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Pre-Writing Games For 5's and 6's


Q. Our kindergartner is so eager to learn to write! He's just about to get beyond writing his own name. We want him to feel happy and confident about writing so that he launches right into it. What are some things we can be doing with him to get him ready?


Sounds like you have a wonderful home in which to be a kid!


Here are some games and activities you might try:


Rhyme Time. Give your child a love for the sound of words by playing around a lot with rhyming as you go about your daily life. Demonstrate how easy it is to rhyme words, and take turns. Let's say you're matching socks with your child. While you're matching socks, work together to match pairs of words, too. Say: "See this sock? It'll hold a rock." And your child might say: "I'll put this sock on the clock." Or at dinnertime: "Eat your dinner, or you'll be thinner." Rhyming is probably the best way to give your child phonemic awareness - a recognition of, and appreciation for, the sounds the alphabetic letters make in forming words. That recognition and appreciation translates into a love for language overall, which is crucial for good writing.


Song Lyric Parodies. Another great tool for building awareness about the sounds in words is singing. Children who sing a lot tend to be the best readers. There's a lot going on in that young brain when a child sings: remembering the words, how long to hold each note, how the melody sounds, and making sure to keep on the correct pitch. So make it even more fun by encouraging your child to substitute words here and there while singing familiar tunes: "Mary Had a Little Meatball," "Row, Row, Row Your Hoe," "Happy Dirt Day to You," and other silly lyrics will build your child's imagination and love of language.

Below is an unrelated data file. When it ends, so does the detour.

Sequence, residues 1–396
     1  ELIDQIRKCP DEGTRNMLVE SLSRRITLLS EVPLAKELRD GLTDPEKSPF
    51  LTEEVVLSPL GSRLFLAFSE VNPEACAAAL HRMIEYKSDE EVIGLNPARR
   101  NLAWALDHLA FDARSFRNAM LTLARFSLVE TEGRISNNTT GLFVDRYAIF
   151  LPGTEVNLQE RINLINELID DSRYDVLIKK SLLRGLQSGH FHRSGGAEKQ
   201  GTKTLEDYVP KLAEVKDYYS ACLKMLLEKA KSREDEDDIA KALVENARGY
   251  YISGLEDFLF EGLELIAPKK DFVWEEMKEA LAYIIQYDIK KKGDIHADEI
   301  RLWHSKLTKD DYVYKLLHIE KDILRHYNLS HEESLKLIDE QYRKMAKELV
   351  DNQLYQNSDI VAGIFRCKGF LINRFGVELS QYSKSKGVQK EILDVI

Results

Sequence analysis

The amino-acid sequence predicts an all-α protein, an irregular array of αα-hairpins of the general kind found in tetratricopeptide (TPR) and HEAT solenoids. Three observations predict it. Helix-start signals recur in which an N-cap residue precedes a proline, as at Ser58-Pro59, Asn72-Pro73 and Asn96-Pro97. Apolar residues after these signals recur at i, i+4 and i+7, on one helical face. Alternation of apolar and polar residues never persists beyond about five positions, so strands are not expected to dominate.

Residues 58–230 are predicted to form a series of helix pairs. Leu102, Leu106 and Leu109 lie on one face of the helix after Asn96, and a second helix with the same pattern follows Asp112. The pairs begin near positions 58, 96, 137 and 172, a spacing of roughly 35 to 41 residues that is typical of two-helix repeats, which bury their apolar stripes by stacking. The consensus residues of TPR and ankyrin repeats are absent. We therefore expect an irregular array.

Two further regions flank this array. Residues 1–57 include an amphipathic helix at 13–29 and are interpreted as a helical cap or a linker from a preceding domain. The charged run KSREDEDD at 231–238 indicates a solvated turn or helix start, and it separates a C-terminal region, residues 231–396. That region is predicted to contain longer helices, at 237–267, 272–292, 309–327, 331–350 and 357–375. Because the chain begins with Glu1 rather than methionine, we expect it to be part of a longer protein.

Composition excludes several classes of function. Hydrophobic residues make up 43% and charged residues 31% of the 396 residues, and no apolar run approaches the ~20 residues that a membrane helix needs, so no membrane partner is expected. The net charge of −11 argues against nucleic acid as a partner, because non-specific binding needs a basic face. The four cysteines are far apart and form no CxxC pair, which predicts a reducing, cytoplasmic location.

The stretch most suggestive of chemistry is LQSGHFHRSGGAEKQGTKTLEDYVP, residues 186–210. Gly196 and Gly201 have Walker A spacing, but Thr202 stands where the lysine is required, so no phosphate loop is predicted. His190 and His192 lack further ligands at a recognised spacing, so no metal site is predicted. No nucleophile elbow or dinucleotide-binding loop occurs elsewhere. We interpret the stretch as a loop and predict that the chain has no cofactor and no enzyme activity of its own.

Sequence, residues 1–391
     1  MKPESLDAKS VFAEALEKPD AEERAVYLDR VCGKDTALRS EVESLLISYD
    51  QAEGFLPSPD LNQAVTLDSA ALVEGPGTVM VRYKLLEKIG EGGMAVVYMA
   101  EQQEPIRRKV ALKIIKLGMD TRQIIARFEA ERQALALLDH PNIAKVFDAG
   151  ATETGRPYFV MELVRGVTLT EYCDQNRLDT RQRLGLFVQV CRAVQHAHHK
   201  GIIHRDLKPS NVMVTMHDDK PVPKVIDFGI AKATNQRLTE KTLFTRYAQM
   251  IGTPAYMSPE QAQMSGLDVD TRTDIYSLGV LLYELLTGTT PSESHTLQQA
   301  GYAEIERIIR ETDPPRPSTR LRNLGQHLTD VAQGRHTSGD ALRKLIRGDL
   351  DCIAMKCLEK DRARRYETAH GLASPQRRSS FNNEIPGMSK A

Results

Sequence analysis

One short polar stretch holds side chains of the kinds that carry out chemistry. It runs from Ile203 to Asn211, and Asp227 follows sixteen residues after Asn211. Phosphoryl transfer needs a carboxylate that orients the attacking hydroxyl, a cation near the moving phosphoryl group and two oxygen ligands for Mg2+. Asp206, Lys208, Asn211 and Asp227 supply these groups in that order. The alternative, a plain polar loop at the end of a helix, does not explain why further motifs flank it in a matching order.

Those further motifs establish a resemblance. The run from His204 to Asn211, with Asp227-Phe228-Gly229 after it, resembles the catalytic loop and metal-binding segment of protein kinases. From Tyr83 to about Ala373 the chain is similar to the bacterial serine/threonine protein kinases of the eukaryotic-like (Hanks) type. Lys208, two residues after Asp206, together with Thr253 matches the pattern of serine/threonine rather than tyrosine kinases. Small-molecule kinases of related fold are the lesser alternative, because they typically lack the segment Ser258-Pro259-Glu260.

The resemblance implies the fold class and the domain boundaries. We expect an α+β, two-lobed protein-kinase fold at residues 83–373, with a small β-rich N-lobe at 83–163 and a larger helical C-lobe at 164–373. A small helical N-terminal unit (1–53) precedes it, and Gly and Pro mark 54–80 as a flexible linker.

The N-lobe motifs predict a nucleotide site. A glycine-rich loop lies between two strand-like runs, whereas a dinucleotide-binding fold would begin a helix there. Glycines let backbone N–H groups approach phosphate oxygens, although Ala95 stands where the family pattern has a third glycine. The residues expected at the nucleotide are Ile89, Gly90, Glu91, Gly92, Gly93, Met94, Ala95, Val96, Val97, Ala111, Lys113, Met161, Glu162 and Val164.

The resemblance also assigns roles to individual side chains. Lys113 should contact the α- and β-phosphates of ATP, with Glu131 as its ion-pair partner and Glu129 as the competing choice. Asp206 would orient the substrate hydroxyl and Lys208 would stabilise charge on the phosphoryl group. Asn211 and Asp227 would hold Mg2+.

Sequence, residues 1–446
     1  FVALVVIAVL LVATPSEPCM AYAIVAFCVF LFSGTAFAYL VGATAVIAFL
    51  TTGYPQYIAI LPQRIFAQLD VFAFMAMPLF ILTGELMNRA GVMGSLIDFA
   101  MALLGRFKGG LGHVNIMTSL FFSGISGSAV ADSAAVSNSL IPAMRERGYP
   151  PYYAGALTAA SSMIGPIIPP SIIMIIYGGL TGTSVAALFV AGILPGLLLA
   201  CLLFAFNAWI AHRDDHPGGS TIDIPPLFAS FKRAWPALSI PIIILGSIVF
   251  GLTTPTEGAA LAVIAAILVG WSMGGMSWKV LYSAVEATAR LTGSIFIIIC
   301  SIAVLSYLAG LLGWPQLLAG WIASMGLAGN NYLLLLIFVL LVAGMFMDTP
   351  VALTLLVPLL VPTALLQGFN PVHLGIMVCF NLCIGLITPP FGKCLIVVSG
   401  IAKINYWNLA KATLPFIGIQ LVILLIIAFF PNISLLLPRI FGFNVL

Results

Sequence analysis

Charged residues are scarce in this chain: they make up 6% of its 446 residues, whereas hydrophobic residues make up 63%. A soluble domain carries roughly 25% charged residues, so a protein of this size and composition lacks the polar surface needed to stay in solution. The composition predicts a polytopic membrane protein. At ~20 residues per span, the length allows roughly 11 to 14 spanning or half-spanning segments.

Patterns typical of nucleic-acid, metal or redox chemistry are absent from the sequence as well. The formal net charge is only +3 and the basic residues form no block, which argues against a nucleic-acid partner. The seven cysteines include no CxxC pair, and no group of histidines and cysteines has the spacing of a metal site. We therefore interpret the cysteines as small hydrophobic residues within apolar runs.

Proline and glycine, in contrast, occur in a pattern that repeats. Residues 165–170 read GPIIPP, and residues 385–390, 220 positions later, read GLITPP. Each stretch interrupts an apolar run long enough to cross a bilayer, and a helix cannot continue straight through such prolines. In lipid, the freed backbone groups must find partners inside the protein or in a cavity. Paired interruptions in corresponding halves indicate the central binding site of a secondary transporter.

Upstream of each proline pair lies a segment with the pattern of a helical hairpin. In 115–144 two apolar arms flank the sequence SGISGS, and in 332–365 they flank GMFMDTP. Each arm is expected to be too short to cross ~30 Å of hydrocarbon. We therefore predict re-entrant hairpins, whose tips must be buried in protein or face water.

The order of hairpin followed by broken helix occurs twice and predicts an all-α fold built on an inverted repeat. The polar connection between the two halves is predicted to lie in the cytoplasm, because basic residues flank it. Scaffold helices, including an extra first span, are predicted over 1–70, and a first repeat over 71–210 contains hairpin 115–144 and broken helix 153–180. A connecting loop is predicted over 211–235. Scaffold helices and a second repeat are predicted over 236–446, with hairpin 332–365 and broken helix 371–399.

Copycat. Once your child can write alphabet letters fairly well, Mom or Dad can write short words that are meaningful to the child, and the child can copy them. Start with the child's name and the names of your family and familiar household objects. Progress to short sentences and questions. Show your child how and when to use capital letters, and how and when to use lower case. Point out proper spacing between words and proper punctuation and so forth, but don't preach. Keep the tone light and the copying fun, in just two or three 10-minute sessions each week.


Boss and Secretary. In the days before computers, business executives used to "dictate" letters to secretaries, who would then type them for the boss' signature. When a child can write words fairly fluently - without a lot of fuss or taking very long - he or she is ready to "take dictation" from you. It's important for helping the child form a mental picture of the order the letters should take in each words, and gradually be able to write them rapidly and accurately. For fun, you can lean back in a chair, put your feet on the table or desk, and pretend to be smoking a cigar like a big boss (for heaven's sake, use a straw or a carrot in these days of environmental friendliness!). If you can dictate words and sentences that have something to do with playtime or toys, it'll make it more fun and more meaningful for your child. For instance, you could dictate, "I love my Furby," and then help your child sound out the proper spelling of Furby if necessary. Of course, the child should "deliver" that memo to the Furby and return for the next one, just to make the game complete.

Homework: Still more fun ideas:



By Susan Darst Williams Writing 17 2008




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